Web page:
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Five Essential Traits for Entrepreneurial Success
Do you have what it takes to build a thriving business?
I often get asked what it takes to be a successful entrepreneur. And while everyone’s situation is different, I have found that there are some common traits among those who have succeed with building their own businesses.
#1 Have thick skin
My first business was a Velcro surfer wallet business. I got licenses from popular bands and put their names and logos on the wallets. They sold like hotcakes. Unfortunately, I made a lot of mistakes running that business, and when I ran short on cash, I had to shut it down.
I still remember rich dad looking at my financials and telling me I’d run the company into the ground and that it was as good as dead. I had to have thick skin to hear that and listen. I could have continued running the business on life support, but it would have only delayed the inevitable.
After I shut that business down, it would have been easy to give up on my entrepreneurial dreams. Instead, I jumped right into building my next business. There were a lot of people who told me to get a job, especially since I already had one failed business under my belt. I didn’t listen, and today Rich Dad is a thriving company that makes me millions of dollars. That took thick skin too.
The point: if you want to be a successful entrepreneur, you’ll need thick skin to both look at hard truths and to keep moving forward.
#2 Build a great network
Rich dad always said, “Business and investing are team sports.” And there’s an age-old truism that says, “No person is an island unto themselves.”
Successful entrepreneurs know how to hustle. They’re always up for networking and building relationships with people who may be able to help them and their company. This means you don’t get to live a comfortable 9-to-5 schedule. You might need to make that early morning or late night phone call to connect with someone internationally. Or you might have to spend the weekend at a convention or conference.
You’ll also need to do the hard work of building your support network. I have accountants, attorneys, and advisors of all kinds on my team. They help me be successful, and they are the best in the biz. This is because I spent a lot of time and effort to research, network, and hire the best.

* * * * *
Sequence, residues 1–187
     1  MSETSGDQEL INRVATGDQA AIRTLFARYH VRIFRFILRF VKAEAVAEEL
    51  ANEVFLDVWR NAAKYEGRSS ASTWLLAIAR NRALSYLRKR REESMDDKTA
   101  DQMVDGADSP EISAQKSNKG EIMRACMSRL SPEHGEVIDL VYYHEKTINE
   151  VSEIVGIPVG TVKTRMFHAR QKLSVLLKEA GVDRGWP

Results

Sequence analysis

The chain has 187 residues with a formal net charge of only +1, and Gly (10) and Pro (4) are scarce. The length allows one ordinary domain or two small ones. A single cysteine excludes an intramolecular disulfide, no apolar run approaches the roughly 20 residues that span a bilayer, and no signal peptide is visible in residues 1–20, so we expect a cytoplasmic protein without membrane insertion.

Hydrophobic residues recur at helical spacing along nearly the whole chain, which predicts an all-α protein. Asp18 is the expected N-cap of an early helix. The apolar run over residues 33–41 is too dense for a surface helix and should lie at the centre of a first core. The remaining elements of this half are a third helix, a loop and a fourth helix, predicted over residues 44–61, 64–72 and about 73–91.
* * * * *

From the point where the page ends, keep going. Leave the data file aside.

The good news is that building a great network is a lot of fun, and one of the easiest things you can do. All you have to do is start, and you can do it today.
#3 Look to praise, not be praised
If you need constant affirmation, you’d be better off being an employee rather than an entrepreneur. Most employees get constant feedback in the form of reviews and 1-on-1s. Most entrepreneurs get no feedback, or if they do, it’s often negative because they’ve done something wrong—either in the form of market responses or employee revolts!
As an entrepreneur, you have to be supremely self-confident and also very self-aware. The best business owners I know are sure of their decisions (after consulting with their great networks and teams) but also spend a lot of time looking inward to self-correct where needed.
This is important because a big part of being an entrepreneur is leading others. This means that you have to be genuinely passionate about giving praise to your employees and partners, rather than looking for praise to come to you. One of the great joys of entrepreneurship is being able to give others a livelihood, watching them thrive, and giving them praise.
#4 Be self-motivated
I have a friend who has completed several ultra-marathons, taught himself Tae Kwon Do and competed in the Olympics, and written a number of books. He’s one of the most self-motivated people I know. So, it’s no surprise he also started a successful business.
Employees show up to work every day because if they don’t, they’ll be fired. When you start as an entrepreneur, no one is making you go to work. You have to do that all by yourself. It’s hard work getting a company up and running. If you don’t have the ability to get yourself going every single day, you’ll fail.
Additionally, once your company is up and running, it can be easy to sit back and let it go on autopilot. But as they say, “If you’re not growing, you’re dying.” You use a large amount of energy to get a business started, but it doesn’t stop there. You have to be self-motivated to keep it growing and adjusting as the market changes, which leads me to my last essential entrepreneurial trait.
#5 Be flexible
A lot of self-employed people like to think of themselves as entrepreneurs, but generally they are not. There is a big difference between a self-employed person who likes to really wear one hat—like a writer or a lawyer—and an entrepreneur who has to wear multiple hats to build a business.
In a given day, you might put on your lawyer hat to negotiate a contract, put on your accountant hat to balance your books and do cash flow projections, put on your manager hat to have a hard conversation with an employee, put on your marketing hat to make adjustments to your website, and put on your sales hat to close a deal. You have to be good at all of these things, and you have to be motivated to do them all well. This requires a lot of flexibility.
The best entrepreneurs I know are able to move from role to role as needed day in and day out.